Often, clients come into therapy looking for specific ways to handle their anxiety or chronic worry. I recently listened to a training session on anxiety through The Psychotherapy Networker, and I want to share some points that I found especially useful in my therapeutic work.
David Burns, a psychologist who specializes in anxiety, spoke about his experience treating clients with chronic worry. When clients first come into Burns’ office, he uses a particular method that enhances other techniques he is using. He calls this method Paradoxical Agenda Setting. He asks his clients, “Suppose there were a magic button and if you press it, you will walk out of here cured of your anxiety – all your fears will disappear, you will be euphoric. What are the good reasons not to push the button? Are you afraid of a good outcome? Are you afraid something terrible would happen if you did get cured from your anxiety? Are you afraid you will be unsafe?” He uses a cost-benefit analysis to examine what the advantages and disadvantages are of recovering from anxiety. Burns then becomes the voice of resistance, allowing clients to explore the advantages of letting go of anxiety. After this, he emphasizes to his clients the importance of confronting their fears, and challenging the thoughts that are holding these fears in place.
What you can do: If you are looking to confront your fears, you can ask yourself Burns’ questions to explore what is holding you back from letting go of your anxiety. You can also explore these questions with your therapist, who can help you look at all sides of feeling better – the ways you are ready to let go of anxiety, and also what might feel incredibly scary about facing these fears.
Margaret Wehrenberg is a psychologist who specializes in anxiety treatment and is the author of “The 10 Best-Ever Anxiety Management Techniques.” In her training, she offers practical tools to help manage anxiety. She has found that her strategies help clients with unpleasant anxiety symptoms, including:
- The physical arousal of anxiety, such as the feeling of terror or panic.
- The “wired” feelings of tension that lead to being “stressed out,” or having a sense of doom or dread.
- The torment of rumination – being unable to stop thinking upsetting thoughts.
Similar to Burns, Wehrenberg explores with her clients how they are trying to manage their fear, and how they are avoiding what they are afraid of. She explains that the more you avoid your fear, the less opportunity you give yourself to feel your anxious symptoms and to learn that the situation is actually safe. Therefore, avoidance can feel like it is working and can be reinforcing.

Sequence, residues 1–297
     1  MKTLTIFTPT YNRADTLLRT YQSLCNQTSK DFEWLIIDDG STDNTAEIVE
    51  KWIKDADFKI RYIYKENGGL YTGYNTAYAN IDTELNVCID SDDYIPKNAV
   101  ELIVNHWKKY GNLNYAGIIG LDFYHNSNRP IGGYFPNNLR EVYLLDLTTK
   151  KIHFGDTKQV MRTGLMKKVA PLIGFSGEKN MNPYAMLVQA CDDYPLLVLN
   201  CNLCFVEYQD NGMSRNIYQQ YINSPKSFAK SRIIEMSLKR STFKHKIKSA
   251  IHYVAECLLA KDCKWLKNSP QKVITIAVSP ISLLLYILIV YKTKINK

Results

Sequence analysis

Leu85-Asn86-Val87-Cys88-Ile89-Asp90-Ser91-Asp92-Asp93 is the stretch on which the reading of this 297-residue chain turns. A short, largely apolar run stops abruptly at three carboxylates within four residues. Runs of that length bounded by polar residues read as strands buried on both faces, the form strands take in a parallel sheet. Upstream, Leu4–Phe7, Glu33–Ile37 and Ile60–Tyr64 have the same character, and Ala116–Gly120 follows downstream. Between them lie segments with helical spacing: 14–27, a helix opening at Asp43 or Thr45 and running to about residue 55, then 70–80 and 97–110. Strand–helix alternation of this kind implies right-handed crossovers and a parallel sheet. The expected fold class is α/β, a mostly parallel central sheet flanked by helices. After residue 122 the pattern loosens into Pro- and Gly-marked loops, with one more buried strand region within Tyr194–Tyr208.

Wehrenberg explains to her clients how fear is triggered by the amygdala, a structure in the brain that registers what is not safe within the environment. The amygdala can be enlarged in those who have panic disorder or social anxiety, allowing people to become overly reactive or sensitive to what is actually a safe situation. She explains how much easier it is for people to talk themselves down and use relaxation strategies if they understand and remind themselves that they are not truly at risk, but that their amygdala is being overly responsive. Wehrenberg emphasizes how the brain can actually change through therapy by shifting your experience (relaxation, breathing, working with thoughts) when you do face what you have previously been afraid of and have been avoiding.
For people who are experiencing anxiety, Wehrenberg encourages them to take care of their bodies first:
- Eat well.
- Avoid alcohol, drugs, nicotine and excessive caffeine.
- Exercise regularly.
- Get into better sleep habits.
Wehrenberg acknowledges that these self-care tips might be simple, but if neglected, could offset any progress made with other anxiety management strategies.
Check out my next blog to learn some other practical strategies to reduce anxiety.